From the outside looking in, its really shocking that such aggressive anti – immigrant feeling exists in a country as multi cultural as England. But knowing that is out there, it is understandable that so many students want to blend in and avoid being potentially targeted by disgruntled people whose ire has been misdirected.

    There are horrible double standards when it comes to accents. As an Irish man I can go to many other countries and people will look favourably on my accent. But other accents, not for any intrinsic quality, are looked down upon for what they represent.

    This policing of accents and ways of expression applies to women as well. It’s awful stuff – as if we would rather mock, sneer and judge rather than just listen to each other.

    I think it would be great if people accepted that different accents exist but I can also see where people like your student are coming from. I think as teachers part of our job could be to help students feel more confident about their English but that is hard to do in an industry that is sometimes guilty of preying on students anxieties about their “non-native” accents in order to sell courses/classes.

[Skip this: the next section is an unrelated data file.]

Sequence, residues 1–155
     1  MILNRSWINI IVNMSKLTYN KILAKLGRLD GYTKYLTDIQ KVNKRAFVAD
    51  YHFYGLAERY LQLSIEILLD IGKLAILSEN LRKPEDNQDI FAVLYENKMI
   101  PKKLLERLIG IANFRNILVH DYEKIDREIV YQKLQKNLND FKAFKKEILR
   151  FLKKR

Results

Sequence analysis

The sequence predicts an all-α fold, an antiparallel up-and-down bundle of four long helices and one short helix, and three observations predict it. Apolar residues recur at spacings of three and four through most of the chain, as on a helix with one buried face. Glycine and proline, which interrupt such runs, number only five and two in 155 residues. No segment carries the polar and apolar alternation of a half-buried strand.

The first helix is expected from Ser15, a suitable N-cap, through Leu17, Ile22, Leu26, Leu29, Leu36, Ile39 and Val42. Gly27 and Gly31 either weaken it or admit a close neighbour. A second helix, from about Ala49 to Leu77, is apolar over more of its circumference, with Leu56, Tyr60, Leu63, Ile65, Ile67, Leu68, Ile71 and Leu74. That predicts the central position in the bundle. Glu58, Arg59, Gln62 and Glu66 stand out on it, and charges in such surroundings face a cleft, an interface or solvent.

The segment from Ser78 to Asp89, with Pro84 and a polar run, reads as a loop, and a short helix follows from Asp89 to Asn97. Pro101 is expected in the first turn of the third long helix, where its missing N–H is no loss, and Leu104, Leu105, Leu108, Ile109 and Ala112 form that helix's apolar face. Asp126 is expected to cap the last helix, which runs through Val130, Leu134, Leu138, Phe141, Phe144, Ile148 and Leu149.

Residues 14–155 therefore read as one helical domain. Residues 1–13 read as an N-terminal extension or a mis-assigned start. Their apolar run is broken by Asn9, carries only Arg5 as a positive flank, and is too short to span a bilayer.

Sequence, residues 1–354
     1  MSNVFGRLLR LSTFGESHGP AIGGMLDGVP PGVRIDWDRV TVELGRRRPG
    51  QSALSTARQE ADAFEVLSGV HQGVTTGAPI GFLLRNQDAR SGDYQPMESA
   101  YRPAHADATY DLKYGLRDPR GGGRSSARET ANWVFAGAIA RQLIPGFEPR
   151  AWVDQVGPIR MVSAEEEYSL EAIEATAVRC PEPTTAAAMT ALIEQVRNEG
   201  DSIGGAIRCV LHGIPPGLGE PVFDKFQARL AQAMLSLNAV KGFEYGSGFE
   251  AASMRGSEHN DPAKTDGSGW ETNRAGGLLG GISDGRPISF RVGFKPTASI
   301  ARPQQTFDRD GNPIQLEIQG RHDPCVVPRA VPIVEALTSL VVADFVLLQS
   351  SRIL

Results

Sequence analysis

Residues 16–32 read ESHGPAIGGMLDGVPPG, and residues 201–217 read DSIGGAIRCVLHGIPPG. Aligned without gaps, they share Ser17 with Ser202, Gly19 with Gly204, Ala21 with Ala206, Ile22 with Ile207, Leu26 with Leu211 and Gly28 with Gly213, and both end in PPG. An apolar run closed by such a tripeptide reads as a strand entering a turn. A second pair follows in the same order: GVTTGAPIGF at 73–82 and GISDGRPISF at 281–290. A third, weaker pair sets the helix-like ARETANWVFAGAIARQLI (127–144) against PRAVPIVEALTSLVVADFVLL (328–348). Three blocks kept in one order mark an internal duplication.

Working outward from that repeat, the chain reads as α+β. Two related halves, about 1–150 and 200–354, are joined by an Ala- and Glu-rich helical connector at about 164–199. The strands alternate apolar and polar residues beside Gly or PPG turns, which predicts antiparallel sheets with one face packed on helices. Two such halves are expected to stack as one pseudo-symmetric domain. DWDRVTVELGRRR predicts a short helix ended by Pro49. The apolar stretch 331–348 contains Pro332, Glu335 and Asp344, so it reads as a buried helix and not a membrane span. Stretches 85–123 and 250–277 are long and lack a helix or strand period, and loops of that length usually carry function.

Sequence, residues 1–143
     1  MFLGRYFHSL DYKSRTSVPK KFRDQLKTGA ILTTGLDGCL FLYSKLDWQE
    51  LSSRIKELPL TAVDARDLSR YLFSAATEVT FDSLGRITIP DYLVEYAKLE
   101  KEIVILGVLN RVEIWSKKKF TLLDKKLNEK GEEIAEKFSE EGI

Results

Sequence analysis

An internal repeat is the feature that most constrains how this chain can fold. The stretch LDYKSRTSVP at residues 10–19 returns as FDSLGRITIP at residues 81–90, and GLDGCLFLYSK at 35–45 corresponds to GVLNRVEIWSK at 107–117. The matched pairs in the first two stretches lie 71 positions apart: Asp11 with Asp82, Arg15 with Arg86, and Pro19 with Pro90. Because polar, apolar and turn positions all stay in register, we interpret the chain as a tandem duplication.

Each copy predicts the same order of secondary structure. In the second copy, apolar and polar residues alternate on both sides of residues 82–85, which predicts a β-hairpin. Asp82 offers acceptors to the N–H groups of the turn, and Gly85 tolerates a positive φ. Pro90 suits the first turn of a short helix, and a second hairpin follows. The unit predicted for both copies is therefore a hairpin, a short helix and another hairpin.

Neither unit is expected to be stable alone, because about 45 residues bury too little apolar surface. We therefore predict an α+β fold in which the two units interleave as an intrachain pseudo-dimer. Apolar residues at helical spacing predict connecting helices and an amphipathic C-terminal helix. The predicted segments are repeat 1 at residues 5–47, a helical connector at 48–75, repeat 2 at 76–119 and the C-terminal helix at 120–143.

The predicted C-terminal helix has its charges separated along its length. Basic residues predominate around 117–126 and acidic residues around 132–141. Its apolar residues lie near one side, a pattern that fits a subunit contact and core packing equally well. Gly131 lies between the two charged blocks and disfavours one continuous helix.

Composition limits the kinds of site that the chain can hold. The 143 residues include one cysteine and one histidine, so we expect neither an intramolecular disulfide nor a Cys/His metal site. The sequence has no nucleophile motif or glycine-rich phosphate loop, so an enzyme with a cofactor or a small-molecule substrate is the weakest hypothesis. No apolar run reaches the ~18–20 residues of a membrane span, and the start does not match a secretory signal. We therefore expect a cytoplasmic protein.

• Lexicallab says:

      Hi Steve –
      Maybe I’m just a hardened cynic, but I didn’t find this news all that surprising, really. In essence, the bottom line is racism exists and there are some folk out with unsavoury – and often unchallenged – attitudes out there who like to have things to hold over others.

      I suspect that for many it’s not as simple as being an ‘anti-immigrant’ prejudice. For instance, I suspect a white woman with a French accent wouldn’t get such comments. A Geordie down south, on the other hand, might.

      The perception of accents in intimately connected with their dissemination through cultural products (witness the elevation of Essex English to most hated nationally in the wake of TOWIE!) and is steeped in the residue of global social, political and historical issues.

      As I said in that post, it’s fine to help students change their accents to match more closely the (often unobtainable) models they themselves may desire, but we sometimes also need to encourage them to fight the powers that be as well, and to address discrimination head on.